Ketama, the cradle of the best hash in the world
Ketama, the cradle of the best hash in the world
In recent years there has been an increase in demand and supply of products made from Cannabidiol (CBD), extracted from the Cannabis Sativa plant.
Products containing CBD are marketed as dietary supplements. However, we must not forget that, with Spanish legislation in hand, food supplements can only be vitamins or minerals, not plants
In some EU Member States, plants are considered as food supplements and if the product is made in the European Union, the Spanish authorities cannot prevent the marketing of a food supplement made from medicinal plants in the EU. The Judgment of the European Court of Justice of 5 March 2009 in case C-88/07 (Commission v. Kingdom of Spain) on the free movement of goods and herbal products lawfully manufactured or marketed as food supplements or dietary products in other Member States made this clear.
CBD is a substance obtained by extracting flowers from cannabis or other parts of the plant, but the flowers contain the highest percentage. CBD is not a psychotropic substance, so it is not included in the 1971 Vienna Convention on Psychotropic Substances, as is Tetrahydrocannabinol (THC), which is also found in cannabis flowers. However, since the CBD specifies the cannabis flowers, it must be kept in mind that the cannabis flowers are considered “narcotic drugs” and therefore strictly subject to administrative supervision.
According to the interpretation of the 1971 Narcotics Convention, it is clear that extractions from the flowers of the cannabis plant, irrespective of their percentage in THC, or whether they are male or female, are subject to supervision, even if the extraction is for the purpose of obtaining CBD (non-controlled substance) and not THC (controlled substance). The underlying point is that extraction can be used to obtain both types of substances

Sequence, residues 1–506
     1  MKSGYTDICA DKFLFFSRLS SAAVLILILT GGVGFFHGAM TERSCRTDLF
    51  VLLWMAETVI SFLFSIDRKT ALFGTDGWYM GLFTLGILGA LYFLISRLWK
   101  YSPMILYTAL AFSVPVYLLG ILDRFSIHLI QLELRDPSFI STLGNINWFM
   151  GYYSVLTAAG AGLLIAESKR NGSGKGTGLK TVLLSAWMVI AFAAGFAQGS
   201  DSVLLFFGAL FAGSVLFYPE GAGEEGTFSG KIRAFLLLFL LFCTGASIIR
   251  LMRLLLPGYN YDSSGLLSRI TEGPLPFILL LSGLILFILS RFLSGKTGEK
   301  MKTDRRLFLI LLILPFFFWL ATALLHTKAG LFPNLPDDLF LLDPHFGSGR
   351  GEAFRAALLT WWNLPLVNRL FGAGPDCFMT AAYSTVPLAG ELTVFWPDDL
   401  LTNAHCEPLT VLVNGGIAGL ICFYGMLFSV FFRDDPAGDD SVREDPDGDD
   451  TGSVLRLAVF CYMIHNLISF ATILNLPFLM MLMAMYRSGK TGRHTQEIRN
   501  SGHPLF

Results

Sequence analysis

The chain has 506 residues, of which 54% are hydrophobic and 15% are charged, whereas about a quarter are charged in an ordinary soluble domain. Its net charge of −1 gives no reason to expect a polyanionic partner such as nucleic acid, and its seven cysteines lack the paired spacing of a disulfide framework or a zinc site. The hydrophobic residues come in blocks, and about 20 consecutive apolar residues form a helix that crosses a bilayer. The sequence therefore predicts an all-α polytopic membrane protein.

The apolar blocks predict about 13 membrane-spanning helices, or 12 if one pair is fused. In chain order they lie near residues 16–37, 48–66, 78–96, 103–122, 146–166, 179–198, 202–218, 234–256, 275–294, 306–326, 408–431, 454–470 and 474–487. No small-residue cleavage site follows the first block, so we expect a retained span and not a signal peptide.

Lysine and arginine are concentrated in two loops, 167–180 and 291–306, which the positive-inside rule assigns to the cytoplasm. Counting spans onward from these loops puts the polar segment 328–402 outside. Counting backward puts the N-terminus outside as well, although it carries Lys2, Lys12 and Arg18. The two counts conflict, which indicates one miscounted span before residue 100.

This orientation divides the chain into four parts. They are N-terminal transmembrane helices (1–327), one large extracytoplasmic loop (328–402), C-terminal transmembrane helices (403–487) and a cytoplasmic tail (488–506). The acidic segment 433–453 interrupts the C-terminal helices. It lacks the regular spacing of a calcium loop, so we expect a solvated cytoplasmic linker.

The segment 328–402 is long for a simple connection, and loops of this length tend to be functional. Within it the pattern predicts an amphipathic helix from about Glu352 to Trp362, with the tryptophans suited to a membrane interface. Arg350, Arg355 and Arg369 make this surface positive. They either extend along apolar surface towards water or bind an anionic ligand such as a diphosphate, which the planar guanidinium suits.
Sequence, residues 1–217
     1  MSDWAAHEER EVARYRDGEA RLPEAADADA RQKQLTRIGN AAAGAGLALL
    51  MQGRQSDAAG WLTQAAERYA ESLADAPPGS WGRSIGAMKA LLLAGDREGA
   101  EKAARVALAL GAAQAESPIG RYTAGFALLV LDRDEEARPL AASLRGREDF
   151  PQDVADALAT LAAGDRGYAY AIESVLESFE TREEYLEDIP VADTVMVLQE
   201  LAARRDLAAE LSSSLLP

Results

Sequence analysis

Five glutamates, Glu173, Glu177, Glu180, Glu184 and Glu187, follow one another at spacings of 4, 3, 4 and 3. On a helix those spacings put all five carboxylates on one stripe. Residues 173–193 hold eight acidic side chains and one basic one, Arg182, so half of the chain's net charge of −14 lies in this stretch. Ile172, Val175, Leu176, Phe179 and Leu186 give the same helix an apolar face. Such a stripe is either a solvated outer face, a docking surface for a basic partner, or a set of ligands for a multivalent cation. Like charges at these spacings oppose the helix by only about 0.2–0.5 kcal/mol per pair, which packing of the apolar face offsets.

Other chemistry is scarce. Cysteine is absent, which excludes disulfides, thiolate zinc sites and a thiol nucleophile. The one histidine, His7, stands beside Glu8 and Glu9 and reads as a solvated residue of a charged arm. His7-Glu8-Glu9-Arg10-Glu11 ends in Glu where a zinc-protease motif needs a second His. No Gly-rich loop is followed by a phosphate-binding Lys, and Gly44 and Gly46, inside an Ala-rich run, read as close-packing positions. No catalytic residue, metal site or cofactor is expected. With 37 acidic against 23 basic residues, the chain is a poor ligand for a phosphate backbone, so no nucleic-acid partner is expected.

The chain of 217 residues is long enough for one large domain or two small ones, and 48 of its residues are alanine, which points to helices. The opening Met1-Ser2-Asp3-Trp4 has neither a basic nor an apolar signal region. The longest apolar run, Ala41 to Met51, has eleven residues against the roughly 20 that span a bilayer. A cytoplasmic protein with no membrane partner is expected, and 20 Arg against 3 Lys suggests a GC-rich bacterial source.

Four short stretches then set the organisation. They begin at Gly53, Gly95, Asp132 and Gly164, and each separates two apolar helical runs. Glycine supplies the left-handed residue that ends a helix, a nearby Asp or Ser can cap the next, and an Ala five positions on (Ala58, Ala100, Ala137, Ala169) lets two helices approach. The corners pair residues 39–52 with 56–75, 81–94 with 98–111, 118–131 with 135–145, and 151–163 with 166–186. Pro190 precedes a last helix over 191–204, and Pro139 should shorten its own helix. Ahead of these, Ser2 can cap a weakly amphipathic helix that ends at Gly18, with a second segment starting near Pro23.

The CBD has been marketed for years in different ways: as a gift, souvenir, collector’s item, cosmetic, food supplement and recently the drug (Epidiolex). Evidently these last two modalities are suitable for human consumption and are those that are subject to greater health regulations.
The companies that sell it (or sold it) as a food supplement are the ones that can offer the most safety. As we said before, these products are required by law to meet some very important requirements so that it can be safe for human consumption. For example, the product has to come from a plant of ecological culture and free of heavy metals since in Spain permissions are not given to cultivate hemp for human consumption if it is not ecological culture, the non-organic fields of hemp are used for fibers or other necessities not destined to the human consumption. Another legal obligation is to comply with the label, since there are administrative sanctions for not complying with the label/content. Each product with its label must be registered in HEALTH to have control over the product and its traceability
Within this legal framework, or rather the absence of it, products containing CBD have been manufactured and marketed in Spain, and neither their manufacture, nor their marketing, nor their consumption is illegal, since they do not contain any controlled psychotropic substance.
We can speak of an “illegalization”, somewhat absurd, because although the WHO recently made a recommendation strengthening the safety of CBD extracts, on the other hand, have banned its use as a food supplement. But it has only been banned as a FOOD SUPPLEMENT, which is how it is generally bought and consumed.